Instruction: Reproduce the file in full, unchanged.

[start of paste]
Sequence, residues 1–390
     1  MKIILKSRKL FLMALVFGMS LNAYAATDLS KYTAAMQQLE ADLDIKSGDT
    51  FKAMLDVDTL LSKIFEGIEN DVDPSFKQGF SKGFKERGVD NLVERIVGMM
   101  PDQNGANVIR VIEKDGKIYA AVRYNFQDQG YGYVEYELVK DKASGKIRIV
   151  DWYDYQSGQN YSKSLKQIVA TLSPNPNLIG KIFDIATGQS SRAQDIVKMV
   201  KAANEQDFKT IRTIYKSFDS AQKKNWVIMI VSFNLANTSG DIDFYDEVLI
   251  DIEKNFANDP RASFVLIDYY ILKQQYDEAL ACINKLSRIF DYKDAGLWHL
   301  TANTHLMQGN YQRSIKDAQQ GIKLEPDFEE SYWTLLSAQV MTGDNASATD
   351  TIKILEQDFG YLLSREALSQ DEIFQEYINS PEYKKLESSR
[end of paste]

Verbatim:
Sequence, residues 1–390
     1  MKIILKSRKL FLMALVFGMS LNAYAATDLS KYTAAMQQLE ADLDIKSGDT
    51  FKAMLDVDTL LSKIFEGIEN DVDPSFKQGF SKGFKERGVD NLVERIVGMM
   101  PDQNGANVIR VIEKDGKIYA AVRYNFQDQG YGYVEYELVK DKASGKIRIV
   151  DWYDYQSGQN YSKSLKQIVA TLSPNPNLIG KIFDIATGQS SRAQDIVKMV
   201  KAANEQDFKT IRTIYKSFDS AQKKNWVIMI VSFNLANTSG DIDFYDEVLI
   251  DIEKNFANDP RASFVLIDYY ILKQQYDEAL ACINKLSRIF DYKDAGLWHL
   301  TANTHLMQGN YQRSIKDAQQ GIKLEPDFEE SYWTLLSAQV MTGDNASATD
   351  TIKILEQDFG YLLSREALSQ DEIFQEYINS PEYKKLESSR